Actually, looking back on it, I think the answer is yes. I was kind of awful. There were traces of my young age in a lot of my actions during the first few years of our marriage. (There were more than a few nights when I called Michael from a coworkers’ apartment, explaining that I was going to sleep over because I’d stayed out too late playing Rock Band with the boys and drinking Malibu Diet Cokes.)
But I think that this is exactly why it’s so important that we were married during this time. Because when you enter into a promise to be devoted to each other, in good times and bad, you accept the fact that there are going to be times when you need to give each other space to grow as individuals. Michael and I learned this as kids when we were dating through puberty for goodness sake. So with the safety net of marriage, I was able to act stupidly, test my boundaries, all while knowing exactly where to draw the line. In short, because I was given the space to explore my freak-out, it turns out that there wasn’t really anything to freak out about to begin with.
What’s even better is that rather than holding me back from doing all the amazing things you’re supposed to do in your twenties (I kid. Don’t even try to tell me they’re awesome. I’ve seen your tweets. Thirty is where it’s at, right?) I’ve been able to do things at this young age that I wouldn’t have been able to dream about without the support of my husband. I started my own business, moved across the country, and I am currently living out my fantasy of working from my front porch (on the farm, no less). It’s different than what life would have looked like otherwise, and a part of me is a tiny bit sad for the what-would-have-been that I gave up to be here, but it’s not bigger than the part of me that is thrilled to be part of this awesome new adventure.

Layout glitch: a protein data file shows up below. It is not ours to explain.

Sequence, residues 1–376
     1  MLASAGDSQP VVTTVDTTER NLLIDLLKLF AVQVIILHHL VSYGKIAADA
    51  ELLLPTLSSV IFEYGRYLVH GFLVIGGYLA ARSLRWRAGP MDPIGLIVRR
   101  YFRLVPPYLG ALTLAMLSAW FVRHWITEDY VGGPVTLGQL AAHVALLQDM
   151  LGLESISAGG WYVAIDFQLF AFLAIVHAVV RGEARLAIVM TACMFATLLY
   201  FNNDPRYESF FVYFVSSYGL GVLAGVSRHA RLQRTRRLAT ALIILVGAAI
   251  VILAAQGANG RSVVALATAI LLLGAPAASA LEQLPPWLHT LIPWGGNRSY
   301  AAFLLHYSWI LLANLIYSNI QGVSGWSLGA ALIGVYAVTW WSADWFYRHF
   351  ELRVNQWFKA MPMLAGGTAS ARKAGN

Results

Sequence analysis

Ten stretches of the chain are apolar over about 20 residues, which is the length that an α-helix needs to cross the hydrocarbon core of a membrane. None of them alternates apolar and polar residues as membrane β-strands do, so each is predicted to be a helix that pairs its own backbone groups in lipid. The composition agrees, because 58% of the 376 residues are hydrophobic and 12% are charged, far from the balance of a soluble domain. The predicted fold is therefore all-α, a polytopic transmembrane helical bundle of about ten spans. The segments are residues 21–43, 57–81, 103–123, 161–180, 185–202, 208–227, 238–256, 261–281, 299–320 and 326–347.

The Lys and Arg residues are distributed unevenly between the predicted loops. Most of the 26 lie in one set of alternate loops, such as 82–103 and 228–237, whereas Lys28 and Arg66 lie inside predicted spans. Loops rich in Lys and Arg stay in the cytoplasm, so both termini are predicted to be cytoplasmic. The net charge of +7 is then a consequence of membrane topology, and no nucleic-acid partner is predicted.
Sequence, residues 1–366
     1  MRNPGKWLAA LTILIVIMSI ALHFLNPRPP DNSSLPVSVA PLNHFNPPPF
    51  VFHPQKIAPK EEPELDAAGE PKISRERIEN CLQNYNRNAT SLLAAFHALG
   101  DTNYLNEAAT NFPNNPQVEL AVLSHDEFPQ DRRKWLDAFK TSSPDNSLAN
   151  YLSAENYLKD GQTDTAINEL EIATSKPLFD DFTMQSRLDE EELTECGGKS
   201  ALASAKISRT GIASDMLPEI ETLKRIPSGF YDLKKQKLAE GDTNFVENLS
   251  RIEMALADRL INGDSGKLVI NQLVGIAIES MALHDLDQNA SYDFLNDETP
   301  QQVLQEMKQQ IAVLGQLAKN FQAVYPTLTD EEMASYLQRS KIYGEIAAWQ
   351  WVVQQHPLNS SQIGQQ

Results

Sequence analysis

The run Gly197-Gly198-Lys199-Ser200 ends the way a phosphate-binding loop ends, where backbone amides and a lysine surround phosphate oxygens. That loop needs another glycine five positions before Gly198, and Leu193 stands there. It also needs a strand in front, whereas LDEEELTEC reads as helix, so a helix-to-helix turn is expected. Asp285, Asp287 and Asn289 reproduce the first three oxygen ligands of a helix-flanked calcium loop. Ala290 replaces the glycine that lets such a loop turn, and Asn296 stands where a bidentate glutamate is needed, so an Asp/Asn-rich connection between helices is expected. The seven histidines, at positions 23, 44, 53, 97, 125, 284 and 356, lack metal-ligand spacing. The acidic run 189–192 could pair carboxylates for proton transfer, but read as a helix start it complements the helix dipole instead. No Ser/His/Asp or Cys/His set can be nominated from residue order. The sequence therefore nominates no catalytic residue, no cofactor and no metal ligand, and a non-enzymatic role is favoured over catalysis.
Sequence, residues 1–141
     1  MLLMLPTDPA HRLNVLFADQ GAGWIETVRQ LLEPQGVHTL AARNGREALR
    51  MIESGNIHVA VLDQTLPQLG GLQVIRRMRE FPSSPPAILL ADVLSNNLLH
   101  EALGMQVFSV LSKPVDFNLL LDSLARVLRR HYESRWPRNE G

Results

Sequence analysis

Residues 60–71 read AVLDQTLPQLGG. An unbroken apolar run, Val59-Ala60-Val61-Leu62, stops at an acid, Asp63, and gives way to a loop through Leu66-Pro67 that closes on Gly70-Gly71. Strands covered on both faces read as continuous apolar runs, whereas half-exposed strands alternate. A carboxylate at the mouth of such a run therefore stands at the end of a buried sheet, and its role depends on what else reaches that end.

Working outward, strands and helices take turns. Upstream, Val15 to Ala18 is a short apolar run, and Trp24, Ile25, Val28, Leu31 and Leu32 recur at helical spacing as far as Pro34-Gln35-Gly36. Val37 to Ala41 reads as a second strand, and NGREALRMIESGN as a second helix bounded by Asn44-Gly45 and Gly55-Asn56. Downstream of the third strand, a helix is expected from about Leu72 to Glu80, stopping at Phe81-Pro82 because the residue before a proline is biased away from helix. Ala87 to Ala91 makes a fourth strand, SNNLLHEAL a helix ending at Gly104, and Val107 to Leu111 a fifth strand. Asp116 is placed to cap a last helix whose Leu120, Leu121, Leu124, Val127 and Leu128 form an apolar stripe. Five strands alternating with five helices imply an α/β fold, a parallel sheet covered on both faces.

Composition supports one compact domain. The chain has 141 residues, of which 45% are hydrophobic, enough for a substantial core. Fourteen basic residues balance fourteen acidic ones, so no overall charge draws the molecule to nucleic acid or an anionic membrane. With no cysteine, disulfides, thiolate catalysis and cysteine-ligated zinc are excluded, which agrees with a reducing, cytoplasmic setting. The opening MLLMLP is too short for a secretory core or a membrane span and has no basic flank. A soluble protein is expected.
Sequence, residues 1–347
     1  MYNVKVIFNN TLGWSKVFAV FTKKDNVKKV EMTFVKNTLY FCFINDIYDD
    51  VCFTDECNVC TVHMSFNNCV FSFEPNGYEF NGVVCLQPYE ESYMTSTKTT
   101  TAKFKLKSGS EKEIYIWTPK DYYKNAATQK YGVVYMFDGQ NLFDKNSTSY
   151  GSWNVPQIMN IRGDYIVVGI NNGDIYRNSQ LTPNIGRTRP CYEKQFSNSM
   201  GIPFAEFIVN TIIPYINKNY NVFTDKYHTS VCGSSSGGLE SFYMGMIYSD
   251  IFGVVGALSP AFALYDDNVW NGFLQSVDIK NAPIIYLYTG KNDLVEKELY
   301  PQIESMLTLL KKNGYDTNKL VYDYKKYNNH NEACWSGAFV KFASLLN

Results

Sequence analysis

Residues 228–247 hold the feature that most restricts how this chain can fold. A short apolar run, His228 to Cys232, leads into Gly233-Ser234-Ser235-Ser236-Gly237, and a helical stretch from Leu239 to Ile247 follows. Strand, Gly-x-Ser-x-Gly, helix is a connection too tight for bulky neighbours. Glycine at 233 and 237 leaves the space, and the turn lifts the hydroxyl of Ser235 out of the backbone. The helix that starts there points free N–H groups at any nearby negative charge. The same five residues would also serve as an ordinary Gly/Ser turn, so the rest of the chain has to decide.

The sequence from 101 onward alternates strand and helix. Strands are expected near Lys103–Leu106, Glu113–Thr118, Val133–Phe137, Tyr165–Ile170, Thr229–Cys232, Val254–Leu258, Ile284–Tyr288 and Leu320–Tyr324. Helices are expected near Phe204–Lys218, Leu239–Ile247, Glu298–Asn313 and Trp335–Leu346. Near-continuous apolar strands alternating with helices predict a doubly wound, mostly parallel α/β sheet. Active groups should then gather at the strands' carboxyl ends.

Now that we are approaching our fourth year of marriage (if you count city hall, which we didn’t for the longest time, but I guess, er, we should?) we have settled into something that sort of resembles my definition of a marriage (you know, the one I was so scared of). On the one hand, we have a dog. On the other, we do have a roommate. But we’re still in no hurry to prove our young marriage to anyone, or to define it, or to let it define us.
When we were first engaged and people found out how young I was, the concerned looks I’d get quickly became the standard. I’m sure there are some people reading this who are still worried that I’m too young to understand the commitment I’ve made. The foreverness of it all. And I get that (I’m thankful for it really). But the thing is, that concern treats marriage like it’s an institution that takes away. And with that, I’d like to respectfully disagree. Marriage doesn’t have to subtract from the core of who you are, and it doesn’t have to be about what’s being removed from your realm of possibilities. Marriage is addition. However, the thing about growth is that we need to make enough room for what’s being added, or else we get maxed out. I’d like to believe that if we leave enough space for growth and change in our young marriages, if we loosen the definition of marriage from one of unchanging permanence to one about transition aided by togetherness, then I’d like to think that we’d also leave enough space for the graceful process of growing old together, into the people we were always going to become anyway. Just, you know, with a few extensions added on.
Photos by: Engagement & elopement photos from Maddie’s personal collection